North Korea launches cruise missile towards Yellow Sea; intensifies conflict

South Korea’s Joint Chiefs of Staff reported the cruise missile launches at approximately 7 am (GMT +9) emphasizing that the specifications are undergoing close analysis by both South Korean and U.S. intelligence authorities.

North Korea launched several cruise missiles towards the Yellow Sea on Wednesday, according to South Korea’s military. This latest move adds to the heightened tensions fueled by Pyongyang’s accelerated weapons testing in the new year. Recent tests included what North Korea referred to as an “underwater nuclear weapon system” and a solid-fueled hypersonic ballistic missile.

South Korea’s Joint Chiefs of Staff reported the cruise missile launches at approximately 7 am (GMT +9) emphasizing that the specifications are undergoing close analysis by both South Korean and U.S. intelligence authorities. Notably, unlike ballistic missiles, the testing of cruise missiles is not prohibited under current United Nations sanctions against North Korea.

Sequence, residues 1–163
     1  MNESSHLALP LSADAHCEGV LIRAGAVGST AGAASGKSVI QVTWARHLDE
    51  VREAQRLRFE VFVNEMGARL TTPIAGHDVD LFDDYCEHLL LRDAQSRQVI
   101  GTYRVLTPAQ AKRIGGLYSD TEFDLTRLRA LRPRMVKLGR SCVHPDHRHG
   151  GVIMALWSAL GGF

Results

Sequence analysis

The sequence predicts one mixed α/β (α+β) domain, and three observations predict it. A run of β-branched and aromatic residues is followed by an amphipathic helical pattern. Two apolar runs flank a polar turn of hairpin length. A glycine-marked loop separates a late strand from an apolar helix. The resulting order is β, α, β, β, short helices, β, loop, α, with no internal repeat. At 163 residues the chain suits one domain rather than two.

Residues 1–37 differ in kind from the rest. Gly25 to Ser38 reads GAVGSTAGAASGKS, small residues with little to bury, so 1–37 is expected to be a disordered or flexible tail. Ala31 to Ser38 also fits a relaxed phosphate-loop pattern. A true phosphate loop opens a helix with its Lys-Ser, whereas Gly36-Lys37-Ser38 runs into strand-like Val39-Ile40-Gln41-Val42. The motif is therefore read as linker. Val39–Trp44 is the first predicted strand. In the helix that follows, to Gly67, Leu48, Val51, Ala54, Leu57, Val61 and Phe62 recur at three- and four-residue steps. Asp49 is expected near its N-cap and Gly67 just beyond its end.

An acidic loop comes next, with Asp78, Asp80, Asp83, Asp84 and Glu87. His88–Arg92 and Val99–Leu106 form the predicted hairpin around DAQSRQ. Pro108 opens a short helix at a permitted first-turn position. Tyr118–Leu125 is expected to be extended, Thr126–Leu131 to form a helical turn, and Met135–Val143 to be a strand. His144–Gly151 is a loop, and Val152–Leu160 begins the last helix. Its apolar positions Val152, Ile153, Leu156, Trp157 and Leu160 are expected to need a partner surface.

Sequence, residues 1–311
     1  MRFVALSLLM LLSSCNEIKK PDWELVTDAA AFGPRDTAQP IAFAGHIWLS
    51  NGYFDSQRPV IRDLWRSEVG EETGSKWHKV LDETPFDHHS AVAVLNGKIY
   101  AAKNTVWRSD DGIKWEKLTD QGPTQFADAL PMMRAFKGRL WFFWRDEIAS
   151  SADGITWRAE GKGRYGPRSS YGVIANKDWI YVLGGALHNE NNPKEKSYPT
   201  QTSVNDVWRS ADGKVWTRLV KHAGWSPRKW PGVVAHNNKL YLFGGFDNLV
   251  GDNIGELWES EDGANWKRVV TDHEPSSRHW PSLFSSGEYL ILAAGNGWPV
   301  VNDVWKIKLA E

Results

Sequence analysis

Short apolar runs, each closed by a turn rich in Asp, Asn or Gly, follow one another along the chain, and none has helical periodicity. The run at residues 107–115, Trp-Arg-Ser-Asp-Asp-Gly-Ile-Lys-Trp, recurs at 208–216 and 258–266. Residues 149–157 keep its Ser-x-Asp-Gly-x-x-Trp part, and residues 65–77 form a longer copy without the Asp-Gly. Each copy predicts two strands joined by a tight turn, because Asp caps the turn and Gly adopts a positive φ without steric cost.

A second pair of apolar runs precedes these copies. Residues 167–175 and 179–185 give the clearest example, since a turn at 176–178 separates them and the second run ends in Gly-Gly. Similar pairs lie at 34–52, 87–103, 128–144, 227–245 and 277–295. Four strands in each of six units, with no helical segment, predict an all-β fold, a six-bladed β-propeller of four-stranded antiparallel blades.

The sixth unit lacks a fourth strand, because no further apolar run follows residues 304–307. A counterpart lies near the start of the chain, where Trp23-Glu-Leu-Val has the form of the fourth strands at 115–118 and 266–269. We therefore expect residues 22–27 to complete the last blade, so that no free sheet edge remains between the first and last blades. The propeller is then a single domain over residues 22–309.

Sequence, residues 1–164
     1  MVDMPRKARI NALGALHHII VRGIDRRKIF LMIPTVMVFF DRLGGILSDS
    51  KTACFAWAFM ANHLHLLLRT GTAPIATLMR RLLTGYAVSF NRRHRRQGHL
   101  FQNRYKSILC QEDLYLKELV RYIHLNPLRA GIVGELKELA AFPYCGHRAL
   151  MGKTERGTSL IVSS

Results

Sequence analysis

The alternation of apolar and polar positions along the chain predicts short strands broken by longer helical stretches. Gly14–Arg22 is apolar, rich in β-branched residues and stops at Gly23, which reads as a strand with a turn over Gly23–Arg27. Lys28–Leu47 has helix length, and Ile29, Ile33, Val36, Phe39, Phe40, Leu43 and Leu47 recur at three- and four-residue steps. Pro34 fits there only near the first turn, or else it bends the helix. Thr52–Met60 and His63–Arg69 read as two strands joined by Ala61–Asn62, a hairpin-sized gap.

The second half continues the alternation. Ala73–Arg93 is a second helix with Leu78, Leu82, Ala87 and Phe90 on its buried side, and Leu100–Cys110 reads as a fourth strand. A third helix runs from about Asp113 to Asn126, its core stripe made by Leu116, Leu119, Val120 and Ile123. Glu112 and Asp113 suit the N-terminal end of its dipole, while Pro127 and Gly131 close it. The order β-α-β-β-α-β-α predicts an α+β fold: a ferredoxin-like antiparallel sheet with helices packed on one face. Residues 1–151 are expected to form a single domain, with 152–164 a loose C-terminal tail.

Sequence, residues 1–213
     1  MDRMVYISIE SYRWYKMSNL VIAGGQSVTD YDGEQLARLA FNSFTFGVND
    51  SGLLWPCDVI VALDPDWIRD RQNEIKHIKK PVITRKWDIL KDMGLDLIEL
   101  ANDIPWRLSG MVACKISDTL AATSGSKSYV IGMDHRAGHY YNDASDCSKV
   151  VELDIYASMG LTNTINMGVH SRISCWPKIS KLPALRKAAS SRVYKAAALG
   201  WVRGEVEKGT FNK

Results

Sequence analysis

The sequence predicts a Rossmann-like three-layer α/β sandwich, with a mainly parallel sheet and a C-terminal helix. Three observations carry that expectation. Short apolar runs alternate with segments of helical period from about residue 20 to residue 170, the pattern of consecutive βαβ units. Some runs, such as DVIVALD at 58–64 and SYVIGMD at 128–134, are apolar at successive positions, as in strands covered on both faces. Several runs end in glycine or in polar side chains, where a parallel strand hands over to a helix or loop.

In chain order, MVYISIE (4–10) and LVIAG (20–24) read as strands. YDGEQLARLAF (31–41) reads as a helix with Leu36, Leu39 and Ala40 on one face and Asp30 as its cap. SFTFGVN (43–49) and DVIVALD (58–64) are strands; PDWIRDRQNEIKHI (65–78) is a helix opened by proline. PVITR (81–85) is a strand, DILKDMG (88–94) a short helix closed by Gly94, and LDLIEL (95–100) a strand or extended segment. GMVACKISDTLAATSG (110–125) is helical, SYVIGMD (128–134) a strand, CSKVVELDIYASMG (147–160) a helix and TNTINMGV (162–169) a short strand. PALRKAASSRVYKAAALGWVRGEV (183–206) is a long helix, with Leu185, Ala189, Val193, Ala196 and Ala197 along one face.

Cruise missiles, being jet-propelled and flying at lower altitudes, present challenges in detection and interception compared to more sophisticated ballistic missiles. This launch coincides with South Korea conducting a 10-day special forces infiltration drill off its east coast, citing “serious security situations.”

Tensions between North and South Korea have escalated in recent months, marked by the abandonment of key tension-reducing agreements, increased border security, and live-fire drills along the border. Last week, North Korean leader Kim Jong Un declared South Korea the “principal enemy,” dismantling agencies dedicated to reunification and outreach while threatening war over even minor territorial infringements.

Kim’s declaration also included refusing recognition of the de facto maritime border, the Northern Limit Line, and calling for constitutional changes allowing North Korea to “occupy” Seoul in the event of war. President Yoon Suk Yeol of South Korea responded by stating that any provocation by North Korea would be met with a response “multiple times stronger.”

Kim’s year-end policy meetings featured threats of a nuclear attack on the South, coupled with a call for a military arsenal buildup ahead of a warned armed conflict. Earlier this month, North Korea launched a solid-fuel hypersonic missile, following live-fire exercises near the tense maritime border with South Korea, prompting counter-exercises and evacuation orders for some southern islands.

Moreover, Kim successfully placed a spy satellite into orbit late last year, reportedly with Russian assistance in exchange for arms transfers to support Moscow’s war in Ukraine. As international concerns mount, the situation on the Korean Peninsula remains volatile.